It's been almost precisely a year since retailer J.C. Penney, under the leadership of Apple alum Ron Johnson, began a top to bottom remake of the company's staid image.
So how has it worked out?
"It's been a disaster, and it probably will continue to be a disaster," Durban Capital's Steve Kernkraut said on CNBC the other day. "They've made every misstep you could imagine."
Off on the wrong foot
It started very early in 2012, when Penney's announced that it was doing away with sales, coupons and promotions in favor of a tiered pricing system that few consumers could understand. It chose to make the announcement in the form of a TV commercial featuring a series of screaming women that brought a huge backlash from consumers.
"This is the worst ad of all time, stop it immediately," Kathy, of Hillsboro, Ore., wrote in a ConsumerAffairs post in January. "We will boycott J.C. Penney until it offers an apology to all its customers!"
"I am complaining about the obnoxious television commercial aired announcing your new pricing campaign," wrote Carole, of Lakewood, Calif. "It has to be one of the most irritating, annoying commercials ever created for television. If you think this will make anyone shop at your stores, you are mistaken as far as I'm concerned. I can't imagine anyone thinking this is good advertising. Remove it as soon as possible. IT IS ANNOYING!"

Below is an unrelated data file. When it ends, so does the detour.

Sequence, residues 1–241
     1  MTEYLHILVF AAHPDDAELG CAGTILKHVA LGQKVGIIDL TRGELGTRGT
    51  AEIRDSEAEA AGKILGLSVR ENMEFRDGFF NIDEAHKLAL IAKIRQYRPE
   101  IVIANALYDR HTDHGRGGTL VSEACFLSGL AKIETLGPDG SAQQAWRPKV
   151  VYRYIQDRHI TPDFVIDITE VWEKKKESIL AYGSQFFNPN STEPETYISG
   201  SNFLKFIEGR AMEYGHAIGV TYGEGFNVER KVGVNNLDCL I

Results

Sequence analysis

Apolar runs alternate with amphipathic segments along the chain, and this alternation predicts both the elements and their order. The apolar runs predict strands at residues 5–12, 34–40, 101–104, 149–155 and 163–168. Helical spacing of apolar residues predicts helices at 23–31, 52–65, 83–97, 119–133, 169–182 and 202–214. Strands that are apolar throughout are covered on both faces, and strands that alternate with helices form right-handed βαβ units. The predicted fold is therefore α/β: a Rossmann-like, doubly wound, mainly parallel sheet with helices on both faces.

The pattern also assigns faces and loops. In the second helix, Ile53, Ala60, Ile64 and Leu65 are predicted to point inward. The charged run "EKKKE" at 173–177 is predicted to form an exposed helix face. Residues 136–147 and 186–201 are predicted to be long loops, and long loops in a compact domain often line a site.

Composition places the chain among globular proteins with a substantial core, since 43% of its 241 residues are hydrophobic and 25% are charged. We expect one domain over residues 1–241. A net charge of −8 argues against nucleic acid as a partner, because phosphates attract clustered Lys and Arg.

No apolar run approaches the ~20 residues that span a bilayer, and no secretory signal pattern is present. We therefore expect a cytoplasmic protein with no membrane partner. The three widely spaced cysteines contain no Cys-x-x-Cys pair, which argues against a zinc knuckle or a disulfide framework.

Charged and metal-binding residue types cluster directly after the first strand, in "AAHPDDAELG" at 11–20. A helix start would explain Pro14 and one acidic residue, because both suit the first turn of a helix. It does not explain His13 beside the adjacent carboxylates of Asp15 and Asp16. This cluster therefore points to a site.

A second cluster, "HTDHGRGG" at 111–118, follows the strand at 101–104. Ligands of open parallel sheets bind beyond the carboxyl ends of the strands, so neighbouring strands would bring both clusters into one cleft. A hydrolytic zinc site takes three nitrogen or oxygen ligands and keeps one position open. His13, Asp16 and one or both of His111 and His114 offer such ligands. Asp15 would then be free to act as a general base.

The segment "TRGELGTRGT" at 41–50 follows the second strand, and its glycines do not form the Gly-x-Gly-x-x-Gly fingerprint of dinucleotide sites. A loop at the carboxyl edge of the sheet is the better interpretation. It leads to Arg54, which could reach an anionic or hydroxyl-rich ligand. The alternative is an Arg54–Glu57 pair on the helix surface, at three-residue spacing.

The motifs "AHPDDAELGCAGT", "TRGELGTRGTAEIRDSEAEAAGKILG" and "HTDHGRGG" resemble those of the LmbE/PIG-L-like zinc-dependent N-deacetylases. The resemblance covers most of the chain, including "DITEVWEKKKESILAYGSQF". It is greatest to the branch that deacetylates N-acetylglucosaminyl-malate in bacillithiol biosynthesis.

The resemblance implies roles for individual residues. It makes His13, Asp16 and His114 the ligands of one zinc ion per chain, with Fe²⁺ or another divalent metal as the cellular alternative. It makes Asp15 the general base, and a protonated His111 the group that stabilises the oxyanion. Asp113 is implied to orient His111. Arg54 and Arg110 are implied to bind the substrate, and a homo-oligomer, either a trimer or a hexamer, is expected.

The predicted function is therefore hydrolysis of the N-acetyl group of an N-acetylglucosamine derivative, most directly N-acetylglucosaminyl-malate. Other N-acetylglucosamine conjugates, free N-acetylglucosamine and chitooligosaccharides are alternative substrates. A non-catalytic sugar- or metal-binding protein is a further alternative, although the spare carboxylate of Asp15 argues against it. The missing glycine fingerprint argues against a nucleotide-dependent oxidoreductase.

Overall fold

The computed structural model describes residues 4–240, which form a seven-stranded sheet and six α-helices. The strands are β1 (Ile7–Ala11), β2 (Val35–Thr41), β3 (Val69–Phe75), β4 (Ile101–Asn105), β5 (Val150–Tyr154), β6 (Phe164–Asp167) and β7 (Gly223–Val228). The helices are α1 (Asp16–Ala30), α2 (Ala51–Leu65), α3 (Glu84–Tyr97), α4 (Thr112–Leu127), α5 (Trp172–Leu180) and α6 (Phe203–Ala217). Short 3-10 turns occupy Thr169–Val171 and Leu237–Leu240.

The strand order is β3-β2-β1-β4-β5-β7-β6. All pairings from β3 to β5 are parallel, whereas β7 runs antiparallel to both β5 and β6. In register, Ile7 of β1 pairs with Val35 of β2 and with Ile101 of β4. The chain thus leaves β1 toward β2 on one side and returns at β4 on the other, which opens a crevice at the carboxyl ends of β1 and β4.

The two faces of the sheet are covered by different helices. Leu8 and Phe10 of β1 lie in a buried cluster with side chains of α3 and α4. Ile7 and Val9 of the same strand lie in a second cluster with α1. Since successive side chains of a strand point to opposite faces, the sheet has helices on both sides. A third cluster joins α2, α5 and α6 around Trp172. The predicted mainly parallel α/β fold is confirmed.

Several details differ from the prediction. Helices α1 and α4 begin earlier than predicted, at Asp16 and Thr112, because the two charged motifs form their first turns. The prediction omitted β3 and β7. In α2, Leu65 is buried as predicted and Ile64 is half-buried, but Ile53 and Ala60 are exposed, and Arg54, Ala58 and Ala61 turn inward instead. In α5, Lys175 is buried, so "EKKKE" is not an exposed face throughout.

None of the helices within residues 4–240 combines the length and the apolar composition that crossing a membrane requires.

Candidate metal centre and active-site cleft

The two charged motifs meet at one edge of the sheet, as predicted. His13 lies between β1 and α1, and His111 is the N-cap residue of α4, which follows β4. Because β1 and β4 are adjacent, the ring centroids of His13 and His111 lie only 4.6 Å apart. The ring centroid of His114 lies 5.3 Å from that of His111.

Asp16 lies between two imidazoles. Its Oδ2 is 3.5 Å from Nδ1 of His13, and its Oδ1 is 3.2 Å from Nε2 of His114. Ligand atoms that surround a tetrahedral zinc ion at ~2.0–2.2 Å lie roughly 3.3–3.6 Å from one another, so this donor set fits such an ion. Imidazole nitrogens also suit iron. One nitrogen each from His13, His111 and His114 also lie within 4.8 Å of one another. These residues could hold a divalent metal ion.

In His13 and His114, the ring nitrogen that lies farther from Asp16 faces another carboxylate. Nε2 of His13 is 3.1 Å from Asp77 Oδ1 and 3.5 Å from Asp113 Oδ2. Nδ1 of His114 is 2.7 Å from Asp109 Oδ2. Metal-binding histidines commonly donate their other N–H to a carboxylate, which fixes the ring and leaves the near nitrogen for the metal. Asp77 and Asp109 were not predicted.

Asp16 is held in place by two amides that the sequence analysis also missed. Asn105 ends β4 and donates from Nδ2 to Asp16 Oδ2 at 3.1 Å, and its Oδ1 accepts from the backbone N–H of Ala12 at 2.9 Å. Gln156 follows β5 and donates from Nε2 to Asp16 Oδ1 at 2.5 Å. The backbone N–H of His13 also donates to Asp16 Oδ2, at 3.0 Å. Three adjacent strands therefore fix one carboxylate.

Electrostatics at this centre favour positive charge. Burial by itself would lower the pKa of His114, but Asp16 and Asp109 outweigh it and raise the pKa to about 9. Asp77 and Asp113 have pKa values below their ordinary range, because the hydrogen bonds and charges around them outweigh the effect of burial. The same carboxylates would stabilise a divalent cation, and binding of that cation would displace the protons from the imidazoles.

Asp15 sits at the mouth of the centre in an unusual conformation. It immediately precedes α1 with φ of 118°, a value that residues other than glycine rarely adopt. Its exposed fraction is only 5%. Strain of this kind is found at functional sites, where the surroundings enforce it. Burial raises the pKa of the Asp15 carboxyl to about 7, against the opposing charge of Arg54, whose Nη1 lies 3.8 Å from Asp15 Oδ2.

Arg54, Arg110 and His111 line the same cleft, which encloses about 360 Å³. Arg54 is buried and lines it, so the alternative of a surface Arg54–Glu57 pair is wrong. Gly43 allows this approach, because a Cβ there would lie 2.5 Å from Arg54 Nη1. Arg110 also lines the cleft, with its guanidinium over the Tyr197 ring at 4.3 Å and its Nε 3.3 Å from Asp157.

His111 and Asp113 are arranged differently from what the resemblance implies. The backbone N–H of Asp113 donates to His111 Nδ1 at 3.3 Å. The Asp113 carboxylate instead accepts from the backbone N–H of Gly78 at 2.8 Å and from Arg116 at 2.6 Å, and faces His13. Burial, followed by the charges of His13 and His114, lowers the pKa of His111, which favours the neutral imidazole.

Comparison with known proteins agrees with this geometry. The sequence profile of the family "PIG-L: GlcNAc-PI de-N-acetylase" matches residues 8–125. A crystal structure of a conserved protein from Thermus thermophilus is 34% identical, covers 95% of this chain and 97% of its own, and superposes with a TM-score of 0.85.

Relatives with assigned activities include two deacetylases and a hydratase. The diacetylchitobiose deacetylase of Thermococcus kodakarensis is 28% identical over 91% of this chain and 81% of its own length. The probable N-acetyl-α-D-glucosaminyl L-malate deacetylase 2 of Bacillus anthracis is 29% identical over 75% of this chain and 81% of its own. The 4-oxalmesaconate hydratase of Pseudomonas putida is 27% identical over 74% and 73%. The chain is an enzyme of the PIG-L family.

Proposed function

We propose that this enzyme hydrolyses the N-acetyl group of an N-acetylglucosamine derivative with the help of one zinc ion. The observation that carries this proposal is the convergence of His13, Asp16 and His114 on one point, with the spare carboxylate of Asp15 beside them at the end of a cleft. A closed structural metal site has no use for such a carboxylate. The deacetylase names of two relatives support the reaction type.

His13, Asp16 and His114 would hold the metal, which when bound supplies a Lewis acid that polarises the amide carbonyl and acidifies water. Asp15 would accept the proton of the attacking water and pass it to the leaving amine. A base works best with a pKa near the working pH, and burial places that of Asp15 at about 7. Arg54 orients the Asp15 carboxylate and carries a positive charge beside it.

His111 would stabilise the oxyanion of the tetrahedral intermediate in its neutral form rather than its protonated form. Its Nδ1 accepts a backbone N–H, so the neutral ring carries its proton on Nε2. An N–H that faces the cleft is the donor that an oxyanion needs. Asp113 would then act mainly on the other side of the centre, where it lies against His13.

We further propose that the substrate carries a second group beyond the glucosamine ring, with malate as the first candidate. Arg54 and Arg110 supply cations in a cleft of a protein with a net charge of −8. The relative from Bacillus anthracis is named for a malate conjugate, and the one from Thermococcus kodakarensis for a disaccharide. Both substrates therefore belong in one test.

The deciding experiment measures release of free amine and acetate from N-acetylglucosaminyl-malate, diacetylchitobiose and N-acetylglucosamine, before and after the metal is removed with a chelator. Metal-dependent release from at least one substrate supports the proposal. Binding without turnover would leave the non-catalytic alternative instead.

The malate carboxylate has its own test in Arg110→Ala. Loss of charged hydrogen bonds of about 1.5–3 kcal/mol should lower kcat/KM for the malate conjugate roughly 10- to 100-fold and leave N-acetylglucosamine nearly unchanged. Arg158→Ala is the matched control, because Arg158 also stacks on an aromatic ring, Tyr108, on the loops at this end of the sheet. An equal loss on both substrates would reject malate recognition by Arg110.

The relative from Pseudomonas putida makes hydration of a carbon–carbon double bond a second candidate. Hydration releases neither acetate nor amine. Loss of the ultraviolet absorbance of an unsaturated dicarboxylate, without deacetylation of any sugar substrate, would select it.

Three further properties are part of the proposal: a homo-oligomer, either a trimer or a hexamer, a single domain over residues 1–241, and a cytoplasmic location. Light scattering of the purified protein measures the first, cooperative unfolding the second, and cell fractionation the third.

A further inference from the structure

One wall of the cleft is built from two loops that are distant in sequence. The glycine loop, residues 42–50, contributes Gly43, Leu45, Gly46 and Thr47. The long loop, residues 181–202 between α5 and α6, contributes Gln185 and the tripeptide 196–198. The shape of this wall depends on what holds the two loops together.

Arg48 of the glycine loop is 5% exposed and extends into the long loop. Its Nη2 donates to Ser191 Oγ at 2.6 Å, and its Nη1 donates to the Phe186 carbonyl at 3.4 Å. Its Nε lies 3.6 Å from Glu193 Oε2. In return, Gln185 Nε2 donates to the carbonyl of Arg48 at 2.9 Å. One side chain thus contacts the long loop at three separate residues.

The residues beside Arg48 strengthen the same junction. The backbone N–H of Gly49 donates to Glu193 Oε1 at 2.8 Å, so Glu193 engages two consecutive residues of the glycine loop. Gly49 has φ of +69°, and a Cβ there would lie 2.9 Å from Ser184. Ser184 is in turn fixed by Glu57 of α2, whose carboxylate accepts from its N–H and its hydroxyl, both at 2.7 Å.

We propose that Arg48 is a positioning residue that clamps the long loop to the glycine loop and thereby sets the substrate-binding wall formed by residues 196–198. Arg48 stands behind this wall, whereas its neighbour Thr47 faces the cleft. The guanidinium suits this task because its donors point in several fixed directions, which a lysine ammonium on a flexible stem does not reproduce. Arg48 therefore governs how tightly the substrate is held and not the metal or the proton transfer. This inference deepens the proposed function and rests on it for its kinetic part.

Out with the old?
It almost seemed as though Penney's was purposefully driving away its old customer base in hopes of drawing a younger, hipper and trendier group of customers. But the younger customers didn't show up in the numbers the retailer hoped.
Even anti-gay hate groups got into the act, lambasting Penney's for using popular comedian Ellen DeGeneres in some of its advertising. To its credit, Penney's refused to budge.
“This week Americans spoke out in overwhelming support of LGBT people and J.C. Penney’s decision not to fire Ellen simply for who she happens to love,” said Herndon Graddick, Senior Director of Programs and Communications at GLAAD, a lesbian, gay, bisexual and transgender (LGBT) media advocacy and anti-defamation organization.
In retrospect, that might have been the only bright spot of the year. When the company implemented a concept of "stores within the store," customers seemed even more confused. Instead of the brands they were accustomed to buying at Penney's, they found various apparel manufacturers had their own little stations throughout the store.
“I've shopped Penney's for years! I was amazed to see a bustling well-stocked and appealing local store morph into a dead-end," Sue, of Wilmington, N.C., wrote in May. "Didn't like the changes in merchandise, pricing or displays. I quickly walked through to get to another store. I have not been back!”
No surprisingly, the consumer disgust has taken a toll on the bottom line. The company suffered a $163 million first-quarter loss and the red ink just got deeper as the year wore on. Penney's has since walked back some of its changes, promising regular sales promotions, but Kernkraut says it might not be enough, noting many of the stores just seem empty.
"They don't have compelling merchandise," he said.